I am a self-confessed "eteacher". I tweet, blog, curate, clip, pin, pad(let), Google, research, wiki, QR code, filter, share, collaborate, comment, read, reflect, teach, learn... However, on reflecting I have come to realise that I am a bit of a "blog addict". Not sure if that is a category, but you may recognise some similar traits. Of course I love Twitter - and my PLN, but I think they are different tools for different jobs.
I love blogs! Writing and curating content for my own, following links to others from Twitter, reading blogs from educators I know and respect, reading blogs from educators I respect but only know from Twitter and they don't know me , but what the heck - it's Twitter, everyone is a friend! I also have my favourite "techie" blogs, the ones that keep me up to date with new ideas and new tools, searching, sifting and curating the web so I don't have to.
So, why do I think blogs are so powerful?
I think that blogs as a platform can serve many different purposes, for me they are more flexible and easier to use than Wikis (again I have several of those!) but it is the power of publication that makes them such a powerful tool for learners. The other aspect that links to publication is the reflection on a written piece of work. If a student hands in a piece of writing to their teacher, no matter what the standard, the only people who see it are the student and teacher. If it is a fabulous piece of writing, then hopefully it will get home to be shared with parents but probably it is destined for the desk, locker or even rubbish bin. This is where class blogs are fantastic. Writing, photos, videos, events, wonderings, learning etc is shared with the class and family. Students learn to reflect, comment and support others in their learning. The writing process of drafting/ editing/feedback/publishing works well. There are some very good ideas in this blog post from te@chthought about using technology to teach writing.
So how have I used blogs?
Last year I set up a Year 9 class blog inspired by many teachers including @annekenn, @MsBeez, @krivett @kiwiallana @Jackbillie35 and many more. The class blog Ti Kouka-Directions for Learning was a reasonable success.
We just got started, we didn't wait to get it perfect. After everyone had posted on the blog and we had 1000 page views, we celebrated with cake (idea from Allana). Next time I create a junior blog, I would use it as part of the formative writing process which would fit in nicely in a year 9 or 10 programme.I know that for many primary schools, class blogs are used extensively, but are not as popular at secondary. I would love to hear from other teachers who are using class blogs at this level.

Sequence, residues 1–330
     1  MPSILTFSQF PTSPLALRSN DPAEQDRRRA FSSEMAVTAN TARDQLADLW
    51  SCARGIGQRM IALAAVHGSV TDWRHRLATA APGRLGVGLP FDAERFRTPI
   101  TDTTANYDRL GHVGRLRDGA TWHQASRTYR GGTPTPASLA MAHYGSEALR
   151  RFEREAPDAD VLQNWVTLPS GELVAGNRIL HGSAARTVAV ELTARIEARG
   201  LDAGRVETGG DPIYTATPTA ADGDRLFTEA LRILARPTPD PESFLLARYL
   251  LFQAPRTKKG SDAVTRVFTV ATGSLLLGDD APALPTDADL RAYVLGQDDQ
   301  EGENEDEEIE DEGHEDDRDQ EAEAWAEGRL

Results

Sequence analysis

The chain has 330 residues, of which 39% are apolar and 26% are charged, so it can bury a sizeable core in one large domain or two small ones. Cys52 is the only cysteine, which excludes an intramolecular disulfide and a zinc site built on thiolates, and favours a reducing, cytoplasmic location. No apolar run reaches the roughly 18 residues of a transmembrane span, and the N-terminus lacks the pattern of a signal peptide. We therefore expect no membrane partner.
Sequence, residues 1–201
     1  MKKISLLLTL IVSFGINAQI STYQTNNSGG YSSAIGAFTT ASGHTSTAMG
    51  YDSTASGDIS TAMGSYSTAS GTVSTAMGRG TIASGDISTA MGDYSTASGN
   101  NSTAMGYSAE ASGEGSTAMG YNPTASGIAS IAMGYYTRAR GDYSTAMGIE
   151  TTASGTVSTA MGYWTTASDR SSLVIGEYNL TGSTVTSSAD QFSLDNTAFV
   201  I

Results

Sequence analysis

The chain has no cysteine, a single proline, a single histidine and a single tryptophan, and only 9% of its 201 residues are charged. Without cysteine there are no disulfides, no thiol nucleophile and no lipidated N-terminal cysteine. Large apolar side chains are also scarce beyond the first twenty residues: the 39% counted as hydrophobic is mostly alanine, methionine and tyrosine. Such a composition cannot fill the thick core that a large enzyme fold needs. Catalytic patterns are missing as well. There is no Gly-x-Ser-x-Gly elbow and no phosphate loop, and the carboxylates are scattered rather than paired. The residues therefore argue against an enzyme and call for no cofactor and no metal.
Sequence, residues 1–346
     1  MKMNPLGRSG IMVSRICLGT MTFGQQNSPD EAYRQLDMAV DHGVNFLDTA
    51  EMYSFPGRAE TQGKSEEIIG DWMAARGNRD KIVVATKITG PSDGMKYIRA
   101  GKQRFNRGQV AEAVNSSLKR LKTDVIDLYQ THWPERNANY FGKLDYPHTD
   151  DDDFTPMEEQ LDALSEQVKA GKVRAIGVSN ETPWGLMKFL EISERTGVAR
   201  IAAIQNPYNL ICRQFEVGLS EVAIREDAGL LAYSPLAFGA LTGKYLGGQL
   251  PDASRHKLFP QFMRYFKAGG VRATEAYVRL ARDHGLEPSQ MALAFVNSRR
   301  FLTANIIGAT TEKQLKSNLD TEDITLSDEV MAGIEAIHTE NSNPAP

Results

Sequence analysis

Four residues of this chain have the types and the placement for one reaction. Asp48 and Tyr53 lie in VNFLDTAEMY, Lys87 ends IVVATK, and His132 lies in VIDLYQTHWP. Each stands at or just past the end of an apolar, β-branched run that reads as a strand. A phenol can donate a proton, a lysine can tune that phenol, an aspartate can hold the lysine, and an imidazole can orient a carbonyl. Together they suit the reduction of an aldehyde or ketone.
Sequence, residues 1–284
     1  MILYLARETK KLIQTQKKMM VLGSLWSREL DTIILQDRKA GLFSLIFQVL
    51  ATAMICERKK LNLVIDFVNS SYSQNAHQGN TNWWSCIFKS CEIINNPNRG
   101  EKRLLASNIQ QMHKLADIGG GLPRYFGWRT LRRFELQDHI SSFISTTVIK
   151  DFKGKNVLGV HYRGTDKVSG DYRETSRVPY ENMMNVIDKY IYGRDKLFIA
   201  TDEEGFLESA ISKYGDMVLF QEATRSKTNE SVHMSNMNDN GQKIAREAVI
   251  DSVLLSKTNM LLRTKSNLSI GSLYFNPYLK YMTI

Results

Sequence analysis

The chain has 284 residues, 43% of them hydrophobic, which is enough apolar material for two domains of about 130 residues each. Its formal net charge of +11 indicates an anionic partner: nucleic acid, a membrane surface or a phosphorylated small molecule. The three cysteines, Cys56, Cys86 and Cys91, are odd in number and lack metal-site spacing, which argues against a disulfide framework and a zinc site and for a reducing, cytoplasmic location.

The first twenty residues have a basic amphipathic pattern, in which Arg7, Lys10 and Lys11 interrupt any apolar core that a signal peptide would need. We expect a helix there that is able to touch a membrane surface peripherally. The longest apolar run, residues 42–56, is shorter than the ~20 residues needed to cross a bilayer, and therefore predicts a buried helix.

The other blog I started last year was called The Shed - a blog for blokes.
I started this because I had a lot of boys in my junior classes who were reluctant readers, reluctant writers and reluctant learners. The idea was to find interesting blokey stuff that we could share with the class and then use as starters to write about. We would find You Tube clips, Ted talks, dog stories, car stories, anything that would catch our attention. Not all of this went on the blog as some of the TED talks were too long, but it was great to expose them to lots of different ideas. The story about the Cyborg emphasised the potential impact of 3D printing. This was one of our favourites and highlighted the way technology is changing our world.
One of the challenges at secondary school is working out how to add something new on top of a busy curriculum and NCEA assessment. This is often the reason we don’t try to make even a small change in our practice. Teachers will say if it is not going to save me time then I’m not going to try it, or how do I know this will work or be better than what I am doing now. Do we need to move on from this kind of thinking?
This year I have also started a blog for staff here at my school(idea from @Aimiesibson) adding posts about interesting techie tools, advertising eCafe on Fridays, workshops and sharing articles and my own PD. This has been a low-key way to share elearning ideas and tools with the odd quiz thrown in to make it interesting and a chocolate fish as a reward. I have also continued to post on my own teaching and learning blog, with the posts able to be used as evidence for registered teacher criteria , linked to my appraisal portfolio.
I will finish with quotes from two educators I have been inspired by: Kevin Honeycutt @kevinhoneycutt who said"Don't wait to get it right,just start doing it" or something similar. And Ewan McIntosh @ewanmcintosh whose image (below) appeared on the Twitter feed for Edutech14.
If you haven't started a personal blog then I encourage you to try starting one, or even just start a Google Doc and record your thoughts each day. And if you don't know what to write, here are some starters for blogging from the team at Te@chThought, courtesy of Justine Hughes @cossie29
And if you want to start a class blog, four resources below.